What Makes A Healthy Diet So Hard To Stick To?

The research points to an inverse relationship between adherence to a dietary pattern and self-esteem.

Dieting isn’t for the faint of heart, which is why the first step to a long-term healthy diet strategy is getting healthy and sticking to it. Researchers at the Harvard School of Public Health surveyed more than 8,200 adults to determine the impact of a healthy diet and the prevalence of problems with it, and found that people who don’t follow healthy eating habits face significant health risks. Here are the top 7 problems with a diet, according to the data: Weight gain, a lack of satisfaction with diet and feeling full, increased anxiety, feelings of anger, problems regulating appetite, and feeling fatigued. In other words, there are problems. If you’re not eating what you should, even the most healthy diet is not going to make you feel full and satisfied.

What can I do? We can try to fix the problems with a healthy eating (obviously) but it all depends on our goals. If you are wanting to be healthier but not necessarily leaner or slimmer, there’s plenty we can do . We can find foods that can help us feel fuller and make us more satiated.

A Healthy Eating Plan

When people start their weight loss plan and start dieting, they tend to focus a lot more on what they should not eat. It’s easy to fall into this pattern—when you look at the calorie counts on food labels when it’s dinner time, you think to yourself, “I should probably eat less.” A better approach is to find out what you should eat every day.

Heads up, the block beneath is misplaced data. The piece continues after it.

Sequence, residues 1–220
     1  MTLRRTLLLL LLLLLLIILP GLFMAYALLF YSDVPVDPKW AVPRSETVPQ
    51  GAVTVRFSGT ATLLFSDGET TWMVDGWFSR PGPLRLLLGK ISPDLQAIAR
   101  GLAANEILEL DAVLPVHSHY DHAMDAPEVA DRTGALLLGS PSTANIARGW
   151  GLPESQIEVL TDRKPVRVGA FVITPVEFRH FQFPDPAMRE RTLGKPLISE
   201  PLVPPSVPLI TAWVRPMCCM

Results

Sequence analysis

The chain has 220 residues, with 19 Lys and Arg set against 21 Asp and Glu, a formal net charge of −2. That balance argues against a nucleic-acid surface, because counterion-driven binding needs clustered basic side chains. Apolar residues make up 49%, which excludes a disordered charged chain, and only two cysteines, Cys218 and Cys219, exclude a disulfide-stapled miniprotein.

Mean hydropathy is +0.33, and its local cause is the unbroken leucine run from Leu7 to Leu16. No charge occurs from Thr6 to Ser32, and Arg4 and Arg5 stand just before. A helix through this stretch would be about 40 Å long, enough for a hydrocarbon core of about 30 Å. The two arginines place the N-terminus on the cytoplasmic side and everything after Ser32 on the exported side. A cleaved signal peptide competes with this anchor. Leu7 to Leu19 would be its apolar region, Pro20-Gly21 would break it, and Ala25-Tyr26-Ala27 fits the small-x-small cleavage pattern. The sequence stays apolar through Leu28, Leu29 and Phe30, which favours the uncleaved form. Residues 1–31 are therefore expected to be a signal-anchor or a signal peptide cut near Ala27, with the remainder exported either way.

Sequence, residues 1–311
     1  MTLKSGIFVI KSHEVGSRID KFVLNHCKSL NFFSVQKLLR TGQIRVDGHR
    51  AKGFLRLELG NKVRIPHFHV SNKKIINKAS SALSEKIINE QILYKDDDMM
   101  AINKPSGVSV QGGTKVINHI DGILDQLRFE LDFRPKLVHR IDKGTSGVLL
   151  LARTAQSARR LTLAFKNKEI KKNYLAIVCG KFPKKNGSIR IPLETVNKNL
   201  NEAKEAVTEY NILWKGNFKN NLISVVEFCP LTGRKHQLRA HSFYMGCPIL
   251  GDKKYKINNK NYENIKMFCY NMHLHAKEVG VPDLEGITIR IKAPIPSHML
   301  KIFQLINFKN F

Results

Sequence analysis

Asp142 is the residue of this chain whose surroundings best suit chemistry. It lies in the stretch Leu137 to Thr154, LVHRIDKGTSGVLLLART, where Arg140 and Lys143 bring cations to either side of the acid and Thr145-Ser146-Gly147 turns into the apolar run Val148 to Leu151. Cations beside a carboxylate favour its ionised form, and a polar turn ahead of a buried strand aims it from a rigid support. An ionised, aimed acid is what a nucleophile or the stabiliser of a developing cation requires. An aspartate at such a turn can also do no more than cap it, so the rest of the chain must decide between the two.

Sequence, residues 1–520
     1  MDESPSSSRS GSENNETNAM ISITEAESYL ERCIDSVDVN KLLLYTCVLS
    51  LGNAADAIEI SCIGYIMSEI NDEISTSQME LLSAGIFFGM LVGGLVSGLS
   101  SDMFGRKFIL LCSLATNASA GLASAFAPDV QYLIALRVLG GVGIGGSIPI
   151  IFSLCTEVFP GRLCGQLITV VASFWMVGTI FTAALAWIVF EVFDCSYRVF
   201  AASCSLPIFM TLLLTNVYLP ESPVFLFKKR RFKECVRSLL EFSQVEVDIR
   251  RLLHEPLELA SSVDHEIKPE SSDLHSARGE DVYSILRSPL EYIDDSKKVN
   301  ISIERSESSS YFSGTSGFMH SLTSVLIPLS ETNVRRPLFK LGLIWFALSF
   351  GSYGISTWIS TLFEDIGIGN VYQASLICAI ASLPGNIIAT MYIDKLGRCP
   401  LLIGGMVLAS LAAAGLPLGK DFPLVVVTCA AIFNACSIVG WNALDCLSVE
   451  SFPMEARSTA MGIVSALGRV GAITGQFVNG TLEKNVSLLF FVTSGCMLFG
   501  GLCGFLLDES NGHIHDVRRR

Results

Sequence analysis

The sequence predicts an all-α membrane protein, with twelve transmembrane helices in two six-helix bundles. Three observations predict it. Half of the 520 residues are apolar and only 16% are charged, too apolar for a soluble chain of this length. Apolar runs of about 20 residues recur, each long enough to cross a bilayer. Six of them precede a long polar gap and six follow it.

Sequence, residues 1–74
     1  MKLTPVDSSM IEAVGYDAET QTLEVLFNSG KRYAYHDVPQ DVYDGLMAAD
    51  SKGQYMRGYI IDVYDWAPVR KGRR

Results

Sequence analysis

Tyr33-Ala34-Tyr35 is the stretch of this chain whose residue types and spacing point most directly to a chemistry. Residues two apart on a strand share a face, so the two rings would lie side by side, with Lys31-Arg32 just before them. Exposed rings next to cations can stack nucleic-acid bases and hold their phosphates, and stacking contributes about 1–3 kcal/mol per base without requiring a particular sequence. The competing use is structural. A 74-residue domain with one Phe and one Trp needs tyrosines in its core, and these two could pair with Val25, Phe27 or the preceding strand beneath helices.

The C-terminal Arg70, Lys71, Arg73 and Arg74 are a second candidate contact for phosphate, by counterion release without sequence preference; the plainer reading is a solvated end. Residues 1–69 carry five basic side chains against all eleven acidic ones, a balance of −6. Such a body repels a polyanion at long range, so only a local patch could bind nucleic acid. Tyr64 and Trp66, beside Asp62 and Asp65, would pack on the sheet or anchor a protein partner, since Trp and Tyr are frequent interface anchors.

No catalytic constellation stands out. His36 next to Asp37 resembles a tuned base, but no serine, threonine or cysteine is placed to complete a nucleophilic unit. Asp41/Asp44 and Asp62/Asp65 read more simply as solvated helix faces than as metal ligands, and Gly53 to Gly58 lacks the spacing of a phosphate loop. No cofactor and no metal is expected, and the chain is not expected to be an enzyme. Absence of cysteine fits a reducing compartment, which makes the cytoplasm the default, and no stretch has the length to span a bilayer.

This means putting your priorities in context:

The best way to stay on track is to set up a calendar with your diet rules on it. By breaking out all those food groups and days of the week, you will become more aware of what you should be eating and feel more able to stick to your eating plan.

Here’s a simple weekly plan I’ve found works best:

Meal 1: Vegetable (including salads and fruit) – 200-250 calories

Meal 2: Whole grain or beans – 150-200 calories

Meal 3: Legumes – 100-150 calories

Meal 4: Chicken – 150-200 calories

Meal 5/6: Fruit – 30-35 calories Protein/Fat: Fish – 150-200 calories Chicken – 500-600 calories Green beans – 80-100 calories Pasta – 200-250 calories

Meal 7: Oatmeal – 150-200 calories Protein/Fat: Eggs – 150-200 calories Vegetable – 200-250 calories Potato – 50 grams

Meal 8: Brown rice or pasta – 150g protein/ 30 calories Vegetable – 200-250 calories Fruit – 40-50 calories Protein/Fat: Brown rice – 150-200 calories

Meal 10: Whole grain or bean – 150-200 calories Protein/Fat: Fish – 150-200 calories Chicken – 450 calories Vegetable – 200-270calories

Meal 11: Legumes – 10-20 calories Vegetable – 200-250 calories Brown rice – 150-200 calories

What if we were to eat less than our guidelines? Do you have a healthy eating plan just waiting for us? When is the right time to eat less, in order to lose weight? That depends on your goals, how much you weigh now, and who you are meeting with. Here’s what I recommend:

A 1,500 -1,800 calorie deficit? Use this schedule and stick with it . Most people’s weight loss can begin when they hit that 1,500-1,800 calorie mark for the day. If not, take a lunch break and reevaluate your situation. 

A 1,800 calorie deficit? Start with a smaller deficit. If you hit that 1,800 calorie mark, start with a 5-10% reduction on your caloric intake. If you’re feeling hungry, you might want to take a smaller-carb breakfast.